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Less than 400 students from Northern Kenya eligible for university; the worst in recent times



Student sit for KCSE exams in   Nairobi school. (Courtesy)

Student sit for KCSE exams in Nairobi school. (Courtesy)

By: Abdikadir Ukash

GARISSA—North Eastern Kenya has recorded worst examination results in recent times with only 337 students scoring higher than grade C+.

The outcome was made worse by the high number of D+ in the region.

The educationist in the region termed the results “absurd”, saying it was meant to “harm the progress of the region and return it to its former place.”

Former Mandera senator and one of the leaders who vehemently campaigned for more teachers when the teachers union called for boycott in early 2015, said the number of students left out in the university intake will amount to waste of human capital.

“Only 16% (1,440) of all students who sat for KCSE last year in Garissa, Wajir & Mandera counties obtained grade C & above,” he tweeted on Saturday, gaining retweets from over 100 users.

“He added, “The remaining nearly 8,000 candidates obtained D & E grades. A human capital waste that the government should find a solution to.”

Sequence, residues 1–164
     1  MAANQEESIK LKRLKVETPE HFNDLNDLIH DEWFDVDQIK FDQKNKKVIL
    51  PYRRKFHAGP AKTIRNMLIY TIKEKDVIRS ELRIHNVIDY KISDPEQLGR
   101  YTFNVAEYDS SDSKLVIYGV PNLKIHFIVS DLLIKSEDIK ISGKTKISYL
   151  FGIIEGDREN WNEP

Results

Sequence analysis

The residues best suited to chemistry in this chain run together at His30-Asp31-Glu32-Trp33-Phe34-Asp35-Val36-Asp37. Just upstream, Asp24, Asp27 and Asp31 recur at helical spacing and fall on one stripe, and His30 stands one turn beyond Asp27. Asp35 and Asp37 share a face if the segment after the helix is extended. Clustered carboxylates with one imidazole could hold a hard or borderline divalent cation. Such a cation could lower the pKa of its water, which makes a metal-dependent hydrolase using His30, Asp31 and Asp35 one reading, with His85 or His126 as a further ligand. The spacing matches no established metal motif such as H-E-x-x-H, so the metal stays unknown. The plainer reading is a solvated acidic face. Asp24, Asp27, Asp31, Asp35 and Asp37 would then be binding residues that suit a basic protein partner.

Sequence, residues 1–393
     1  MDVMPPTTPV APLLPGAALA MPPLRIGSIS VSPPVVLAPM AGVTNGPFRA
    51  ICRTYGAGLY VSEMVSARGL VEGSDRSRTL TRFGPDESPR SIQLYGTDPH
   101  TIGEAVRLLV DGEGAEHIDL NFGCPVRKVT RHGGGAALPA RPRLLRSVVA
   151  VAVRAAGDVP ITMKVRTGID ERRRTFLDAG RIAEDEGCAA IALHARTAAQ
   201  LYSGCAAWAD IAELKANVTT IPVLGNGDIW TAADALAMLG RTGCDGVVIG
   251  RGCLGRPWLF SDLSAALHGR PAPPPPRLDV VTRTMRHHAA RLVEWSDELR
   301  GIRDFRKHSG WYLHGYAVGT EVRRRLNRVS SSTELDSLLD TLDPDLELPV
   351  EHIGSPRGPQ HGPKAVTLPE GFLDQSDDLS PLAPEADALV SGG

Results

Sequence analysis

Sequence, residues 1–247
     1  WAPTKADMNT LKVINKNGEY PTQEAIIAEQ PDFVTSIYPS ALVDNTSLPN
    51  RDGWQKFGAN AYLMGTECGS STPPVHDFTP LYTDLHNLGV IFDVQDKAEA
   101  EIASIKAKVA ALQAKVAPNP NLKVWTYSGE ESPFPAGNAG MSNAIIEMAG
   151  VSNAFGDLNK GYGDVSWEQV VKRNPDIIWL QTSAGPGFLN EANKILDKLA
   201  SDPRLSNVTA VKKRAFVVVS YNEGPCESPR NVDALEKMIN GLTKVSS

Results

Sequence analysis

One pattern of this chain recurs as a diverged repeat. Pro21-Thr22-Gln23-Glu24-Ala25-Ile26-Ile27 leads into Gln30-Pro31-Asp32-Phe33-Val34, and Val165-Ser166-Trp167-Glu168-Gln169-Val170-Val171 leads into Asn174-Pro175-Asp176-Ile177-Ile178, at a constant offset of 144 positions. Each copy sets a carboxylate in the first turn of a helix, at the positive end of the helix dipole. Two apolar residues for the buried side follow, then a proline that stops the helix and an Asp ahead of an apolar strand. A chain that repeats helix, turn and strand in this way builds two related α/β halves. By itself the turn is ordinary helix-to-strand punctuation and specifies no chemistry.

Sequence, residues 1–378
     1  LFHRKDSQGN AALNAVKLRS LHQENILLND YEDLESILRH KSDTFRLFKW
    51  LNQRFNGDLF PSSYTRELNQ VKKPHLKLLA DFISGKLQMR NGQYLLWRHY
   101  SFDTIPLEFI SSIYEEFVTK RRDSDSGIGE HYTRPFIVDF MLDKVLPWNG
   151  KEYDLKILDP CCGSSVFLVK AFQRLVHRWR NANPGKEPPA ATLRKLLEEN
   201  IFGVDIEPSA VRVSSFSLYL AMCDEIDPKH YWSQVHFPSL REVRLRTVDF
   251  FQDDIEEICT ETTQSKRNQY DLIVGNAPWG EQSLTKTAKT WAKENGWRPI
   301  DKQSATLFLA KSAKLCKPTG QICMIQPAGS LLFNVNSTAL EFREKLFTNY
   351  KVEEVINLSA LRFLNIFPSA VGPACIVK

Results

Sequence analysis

“This is politically correct examinations. Politics of education in Kenya isn’t something new,” a veteran teacher and an educationist told Kulan Post in confidence because he is not allowed to discuss the results with the media.

On Twitter, the topic was discussed with emotions where some users accused the government of “ill-motives.”

“While I agree with you the mass transfer of ‘non-local’ teachers was a big blow, the impact on the results were minimum. There’s more to the marking than the teaching,” wrote on Twitter in response to why the results were not encouraging.

“It’s by design, they are afraid of flooded intellectuals with no employment that can easily spearhead a revolution against the human atrocities as few elites enjoy,” another user, replied.

  tweeted, “The Northern Counties should prepare and pay for their students to sit for International GCSEs, IGCSEs, O levels or A levels  and avoid prejudiced Kenyan exams that deliberately fails our students. The marking is based on lottery students from the four northern counties have no brains.”

“No! no !Its all about dubious marking scheme that is sensitive to the region one hails from. Education has been political tool in this country since independence. Some regions must never pass. Now it’s the whole country,”.

In Wajir County, there were 57 students who made it above grade C+. In Garissa, only 186 students had grade C+and above while in Mandera only 94 made the cut.

We made several request for interview with the ministry officials, but it was turned down “because the staff and directors are on holiday.”


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